Antibodies were all purchased from BioLegend except anti-IgA (BD Biosciences).

Viable cells were identified as unstained with Zombie Aqua (Biolegend). Cells were defined as: (i) Ly-6Chigh monocytes (CD45+Lin-CDl lb+F4/80-Ly-6Chigh); (ii) neutrophils (CD45+CDl lb+Lin+F4/80-); (iii) macrophages

(CD45+Lin-CD 11 b+F 4/80+Ly- 6Clo w) ; (IV) epithelial cells (CD45-CD326+CD3-); or (v) myeloid cells (CD45+CD3-CDl lb+). Lineages were defined as: Lin: CD3, CD90.2, CD19, B220, NK1.1, Terl 19, Ly-6G. Data were acquired on a LSRII (BD Biosciences) and analysed with FlowJo (Tree Star).

Cell culture. For all experiments, cells or ex vivo ileum tissues were kept in a humidified 5% C02 incubator at 37 °C. (i) For in vitro GLP-1 receptor agonist-binding experiments, small-intestinal IELs were isolated and incubated with 50 pM fluorescently labelled GLP-R agonist exendin-4 Cys40SeTau647 for 1 h, and IEL subsets were gated as follows: natural, GlplrMgh IELs (CD45+CD3+CD90.2-CD5-); induced, Glplrlow IELs (CD45+CD3+CD90.2+CD5+), non-T cells (CD45+CD3-), and epithelial cells

(CD45-CD326+CD3-). The binding capacity was analysed for exendin-4

Cys40SeTau647 by flow cytometry (ii) For in vitro co-culture experiments, GLP-1-producing L-cells (GLUTag cells that were provided by D.J.D., authenticated multiple times and tested for mycoplasma) were cultured together with sorted Glplrhlgh or Glplrlow IELs in DMEM and GlutaMAX-I with glucose 1 g 1-1 (Invitrogen) supplemented with 10% FBS and 1% penicillin-streptomycin (103 GLUTag cells and 105 IELs in a 96-well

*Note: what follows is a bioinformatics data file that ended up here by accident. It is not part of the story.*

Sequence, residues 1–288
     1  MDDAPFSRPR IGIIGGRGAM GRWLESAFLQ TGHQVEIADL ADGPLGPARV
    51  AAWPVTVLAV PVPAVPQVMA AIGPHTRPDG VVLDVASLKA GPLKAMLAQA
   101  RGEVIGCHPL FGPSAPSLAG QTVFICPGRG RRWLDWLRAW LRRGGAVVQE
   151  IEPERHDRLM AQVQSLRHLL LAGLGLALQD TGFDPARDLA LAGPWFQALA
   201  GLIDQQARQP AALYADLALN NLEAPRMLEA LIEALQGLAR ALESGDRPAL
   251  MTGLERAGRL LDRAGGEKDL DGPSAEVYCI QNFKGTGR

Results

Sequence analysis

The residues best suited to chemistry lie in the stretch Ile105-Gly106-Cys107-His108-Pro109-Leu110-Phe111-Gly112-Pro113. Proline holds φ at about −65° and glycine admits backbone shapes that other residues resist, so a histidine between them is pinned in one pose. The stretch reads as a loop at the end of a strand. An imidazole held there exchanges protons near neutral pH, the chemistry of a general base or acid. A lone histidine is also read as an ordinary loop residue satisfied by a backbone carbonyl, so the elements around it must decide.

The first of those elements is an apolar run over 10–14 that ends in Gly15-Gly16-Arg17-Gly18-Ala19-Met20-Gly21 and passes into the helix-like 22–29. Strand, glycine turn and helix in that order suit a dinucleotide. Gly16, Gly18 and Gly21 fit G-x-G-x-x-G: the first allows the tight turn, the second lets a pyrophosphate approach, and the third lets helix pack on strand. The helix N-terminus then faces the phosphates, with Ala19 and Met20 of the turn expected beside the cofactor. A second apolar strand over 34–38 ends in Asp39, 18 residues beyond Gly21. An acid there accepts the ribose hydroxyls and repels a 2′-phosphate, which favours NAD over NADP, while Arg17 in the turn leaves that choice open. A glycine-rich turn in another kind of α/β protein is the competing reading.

plate in 200 mΐ medium per well). After 24 h, the concentration of GLP-1 in the supernatant was measured using a total GLP-1 enzyme-linked immunosorbent assay (ELISA) kit (Millipore). In some experiments, the GLP-1 receptor agonist exendin-4 (Abeam) was added to co-culture wells (100 nM). (iii) In the case of two-step ex vivo experiments, sorted GlplrMgh IELs were incubated with exendin-4 (100 nM) or control. After 24 h, samples were centrifuged (300g, 5 min) and supernatants were transferred to ileum ex vivo sections of previously euthanized wild-type mice. GLP-1 levels were determined 24 h later from ex vivo supernatants (iv) In an ex vivo GLP-1 receptor-inhibition experiment, whole ileum preparations of wild-type or b7— /— mice were treated with the GLP-1 receptor antagonist exendin-9 (100 nM) or control. After 24 h the concentration of GLP-1 in the supernatant was measured using a total GLP-1 ELISA kit (Millipore).

Molecular biology:

PCR Total RNA was isolated using the RNeasy Mini Kit (Qiagen) according to the manufacturer’s instructions. cDNA was generated from 1 pg of total RNA per sample using the High Capacity cDNA Reverse Transcription Kit (Applied Biosystems).